The countries of the United Nations led by the island nation of Vanuatu adopted what they called a historic resolution Wednesday calling for the U.N.‘s highest court to strengthen countries’ obligations to curb warming and protect communities from climate disaster. The resolution was adopted by consensus and Vanuatu Prime Minister Ishmael Kalsakau called it “a win for climate justice of epic proportions.” While the opinion isn’t binding, it would encourage states to act on promises made to limit warming.
A cold low pressure system spinning off the coast of California has sent bands of rain and snow across the state. Mountain travel is difficult Wednesday as the storm adds to an epic snowpack. The Mammoth Mountain ski resort in the Eastern Sierra says this has been its snowiest season on record, with 695 inches at the main lodge and 870 inches on the summit of the 11,053-foot peak. Forecasters said the storm was not as strong as the systems that pounded the state all winter. But chains have been required for vehicles on highways through the Sierra Nevada, and gusty winds, hail and brief periods of heavy rain have hit the San Francisco Bay Area.
The NFL took another step at the owners meetings to increase diversity throughout the league while continuing to face criticism and a lawsuit for lack of representation among head coaches. Each team is now required to have a person in charge of diversity, equity and inclusion. Currently, 15 clubs have a DEI head and two others have someone leading that department and another one. The league has reached milestone points in diverse hirings in the front office but critics point to the sidelines where there are only three Black head coaches in a sport that had 56.4% Black players in 2022.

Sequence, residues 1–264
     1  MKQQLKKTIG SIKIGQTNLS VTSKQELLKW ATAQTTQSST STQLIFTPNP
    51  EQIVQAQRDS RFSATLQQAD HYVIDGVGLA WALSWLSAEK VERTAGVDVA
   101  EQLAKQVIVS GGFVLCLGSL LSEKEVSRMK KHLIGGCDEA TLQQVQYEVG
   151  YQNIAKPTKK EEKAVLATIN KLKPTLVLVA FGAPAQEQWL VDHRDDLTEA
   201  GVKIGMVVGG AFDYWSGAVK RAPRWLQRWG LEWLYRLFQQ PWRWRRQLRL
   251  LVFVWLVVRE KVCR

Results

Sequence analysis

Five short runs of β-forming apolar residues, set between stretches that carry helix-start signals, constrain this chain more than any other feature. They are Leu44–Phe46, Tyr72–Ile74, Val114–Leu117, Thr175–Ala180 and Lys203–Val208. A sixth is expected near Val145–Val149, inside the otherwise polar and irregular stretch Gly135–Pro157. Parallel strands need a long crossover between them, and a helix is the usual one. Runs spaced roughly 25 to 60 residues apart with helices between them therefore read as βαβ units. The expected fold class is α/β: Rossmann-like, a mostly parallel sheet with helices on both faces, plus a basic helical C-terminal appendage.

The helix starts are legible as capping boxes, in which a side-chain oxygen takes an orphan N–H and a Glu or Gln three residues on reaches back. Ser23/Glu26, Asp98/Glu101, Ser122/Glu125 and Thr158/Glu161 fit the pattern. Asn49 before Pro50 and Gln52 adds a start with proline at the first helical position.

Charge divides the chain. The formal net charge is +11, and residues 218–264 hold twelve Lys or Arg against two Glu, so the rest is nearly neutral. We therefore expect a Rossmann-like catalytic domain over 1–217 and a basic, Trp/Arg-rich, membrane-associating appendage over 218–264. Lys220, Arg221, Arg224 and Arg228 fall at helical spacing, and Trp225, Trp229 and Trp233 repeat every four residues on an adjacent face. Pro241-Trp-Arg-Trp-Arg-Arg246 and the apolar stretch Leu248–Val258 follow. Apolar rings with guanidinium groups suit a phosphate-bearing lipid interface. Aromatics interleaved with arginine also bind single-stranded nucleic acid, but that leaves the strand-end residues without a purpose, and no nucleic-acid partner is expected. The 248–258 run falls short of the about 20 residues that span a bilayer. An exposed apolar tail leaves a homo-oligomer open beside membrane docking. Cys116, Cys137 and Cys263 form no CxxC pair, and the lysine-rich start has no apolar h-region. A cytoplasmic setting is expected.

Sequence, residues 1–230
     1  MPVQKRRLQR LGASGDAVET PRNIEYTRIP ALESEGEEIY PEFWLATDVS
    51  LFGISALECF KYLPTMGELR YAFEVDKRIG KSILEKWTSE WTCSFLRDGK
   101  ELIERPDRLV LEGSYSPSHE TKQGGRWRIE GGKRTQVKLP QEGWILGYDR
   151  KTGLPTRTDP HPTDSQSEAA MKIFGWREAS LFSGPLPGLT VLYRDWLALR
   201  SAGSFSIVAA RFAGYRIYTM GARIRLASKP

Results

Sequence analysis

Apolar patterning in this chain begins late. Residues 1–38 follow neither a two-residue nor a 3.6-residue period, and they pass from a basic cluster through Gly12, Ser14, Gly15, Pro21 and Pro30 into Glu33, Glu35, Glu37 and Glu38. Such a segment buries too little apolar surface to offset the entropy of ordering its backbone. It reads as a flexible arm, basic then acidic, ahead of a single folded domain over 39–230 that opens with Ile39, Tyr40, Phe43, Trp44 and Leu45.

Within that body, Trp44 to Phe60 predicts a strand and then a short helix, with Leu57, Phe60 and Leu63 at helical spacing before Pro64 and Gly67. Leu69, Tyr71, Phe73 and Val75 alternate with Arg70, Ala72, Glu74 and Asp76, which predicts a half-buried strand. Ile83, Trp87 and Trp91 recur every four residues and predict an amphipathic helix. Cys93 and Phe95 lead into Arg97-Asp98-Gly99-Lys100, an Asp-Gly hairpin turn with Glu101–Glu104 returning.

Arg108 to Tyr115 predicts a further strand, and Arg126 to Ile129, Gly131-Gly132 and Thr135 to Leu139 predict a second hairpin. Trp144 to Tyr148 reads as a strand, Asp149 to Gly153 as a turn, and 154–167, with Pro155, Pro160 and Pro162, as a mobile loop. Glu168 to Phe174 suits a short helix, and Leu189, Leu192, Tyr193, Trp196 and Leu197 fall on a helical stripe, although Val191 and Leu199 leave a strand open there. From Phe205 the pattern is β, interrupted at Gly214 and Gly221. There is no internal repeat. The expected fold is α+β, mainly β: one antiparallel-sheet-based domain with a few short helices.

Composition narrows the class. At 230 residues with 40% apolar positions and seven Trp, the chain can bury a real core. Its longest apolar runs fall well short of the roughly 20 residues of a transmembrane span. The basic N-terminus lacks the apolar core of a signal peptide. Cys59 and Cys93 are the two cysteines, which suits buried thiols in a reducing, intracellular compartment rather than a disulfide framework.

Longtime Starbucks CEO Howard Schultz insisted the coffee chain hasn’t broken labor laws and is willing to bargain with unionized workers during an often testy, two-hour appearance before the Senate Health, Education, Labor and Pensions Committee. Schultz was firm in his stance that the Seattle-based company provides good wages and benefits and doesn’t need a union. U.S. Sen. Bernie Sanders, a Vermont Independent and a vocal supporter of Starbucks labor organizers, has sought Schultz’s testimony for months, saying the Starbucks chief has violated workers' rights by opposing unionization. At least 293 of Starbucks' 9,000 company-owned U.S. stores have voted to unionize since late 2021.
The Minneapolis City Council is set to hold a special meeting to discuss a potential settlement in a lawsuit filed by the Minnesota Department of Human Rights over the city’s policing practices after the murder of George Floyd. City and state officials had been negotiating the agreement since the state agency issued a scathing report last year. The report said the police department had engaged in a pattern of race discrimination for at least a decade. The city and state then agreed to negotiate a court-enforceable agreement known as a consent decree. The city is also awaiting the results of a similarly sweeping federal investigation.
Boeing's first launch of astronauts has been delayed again, this time until July. NASA announced the latest postponement Wednesday, saying more time is needed to certify the Starliner capsule that will blast off with two test pilots. Additional software testing is also underway. Boeing already was running years behind schedule when it had to repeat its test flight without a crew to the International Space Station because of software and other problems. NASA hired Boeing and SpaceX a decade ago to ferry astronauts to and from the orbiting lab. SpaceX launched its seventh NASA crew earlier this month.
Federal safety investigators are looking at a natural gas pipeline for fractures and other damage as they gather evidence on the cause of a deadly explosion at a Pennsylvania chocolate factory. The National Transportation Safety Board opened a probe into Friday’s blast at R.M. Palmer Co., which killed seven, wounded several others and leveled the building in West Reading. An agency spokesman said Wednesday that safety investigators are gathering evidence about the pipeline. The family that owns the factory says the loss of their employees “will be felt forever.” The coroner's office says autopsies preliminarily revealed all seven died of blast injuries.